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This is an odd question I know and I'm not very hopeful I'll find a good answer. But has it ever stricken you odd that in Luke 7, the woman who comes to see Jesus just straight walks into the Pharisee's house unannounced? I'm an American, and I could never imagine a random stranger walking into anyone's house and it be acceptable.

So, was this a normal thing in Jewish culture at this time period?

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    This is a good question, and I'm looking forward to a solid answer. But I also wanted to just comment that I think you are assuming quite a bit. For instance, there may have been many women coming in and out serving the meal. It could have been a larger dinner party, with guests coming and going (similar to a wedding reception). The woman may also have visited the Pharisee as one of her clients, and so she was known to be in the house from time to time. There are quite a few scenarios where culture has nothing to do with it. – NoChinDeluxe Jun 29 '16 at 19:31
  • Thank you so much for the comment and thank you for looking into a solid answer. I would say you are correct that I am assuming a lot. I did not realize this and this just goes to show how much I don't understand about the cultural context of this passage. Sadly, we don't get that many clues. @NoChinDeluxe – Lin Wang Jul 2 '16 at 19:21
  • Also the bible does not record every minute detail, she could've knocked and asked to see/talk to Jesus – depperm Sep 8 '16 at 16:28
  • That is another plausible scenario. Thanks for the thought. @depperm – Lin Wang Sep 8 '16 at 23:35
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Many of the homes of the time had a courtyard around which were situated various rooms. The courtyard was used for cooking and eating. In John McCray's book Archaeology and the New Testament, he has some diagrams of typical houses of the period.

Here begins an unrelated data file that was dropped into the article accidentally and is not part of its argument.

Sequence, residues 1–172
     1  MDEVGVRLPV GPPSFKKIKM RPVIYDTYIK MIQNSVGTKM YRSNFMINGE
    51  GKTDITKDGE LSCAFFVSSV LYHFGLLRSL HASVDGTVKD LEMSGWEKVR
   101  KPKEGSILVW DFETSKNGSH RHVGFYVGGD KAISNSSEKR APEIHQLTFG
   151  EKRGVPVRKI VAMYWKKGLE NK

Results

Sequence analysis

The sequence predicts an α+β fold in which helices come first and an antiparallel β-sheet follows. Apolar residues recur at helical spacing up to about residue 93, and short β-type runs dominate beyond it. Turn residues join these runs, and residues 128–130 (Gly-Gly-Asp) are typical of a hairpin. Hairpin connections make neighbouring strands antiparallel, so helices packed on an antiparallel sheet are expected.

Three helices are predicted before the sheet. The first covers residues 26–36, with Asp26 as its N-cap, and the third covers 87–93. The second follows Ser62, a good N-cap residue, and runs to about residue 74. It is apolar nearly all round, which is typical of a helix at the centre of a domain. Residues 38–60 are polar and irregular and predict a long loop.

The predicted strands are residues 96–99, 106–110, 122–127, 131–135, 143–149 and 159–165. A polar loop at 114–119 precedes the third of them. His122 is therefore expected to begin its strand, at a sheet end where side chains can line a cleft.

The point being that to "enter" someone's house was not like it is today. The courtyard was open and people could, conceivably, wander in. In fact, later in Luke's Gospel when Jesus is brought to the high priest's house for questioning you get the sense that there are quite a few people lingering in the courtyard (see Luke 22:54 and following). For example, Peter is in the courtyard, seemingly uninvited; i.e. he doesn't converse with the high priest, but also denies knowing Jesus. No one seems to think it odd that he's there, per se.

One other note is the eating position during feasts ("reclining at table"). The participants would have leaned forward on their left arms, eating with their right hands (the left hand being reserved for sanitary uses, which is why it is considered rude in some cultures even today to use one's left hand for food). The point, though, is that Jesus' feet would have been behind him, making it easy for the woman to anoint them.

A fascinating article about eating customs of the time is at this link.

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Maybe I cannot address exactly your questions, but some point to consider:

  1. The woman was not a strange in that house
    Simon, the pharisee known her;
  2. Wasn't obvious that she was a sinner
    This because Simon questioned if Jesus was really a prophet to "guess" who is the woman;
  3. Jesus was well-know for being in company with sinners

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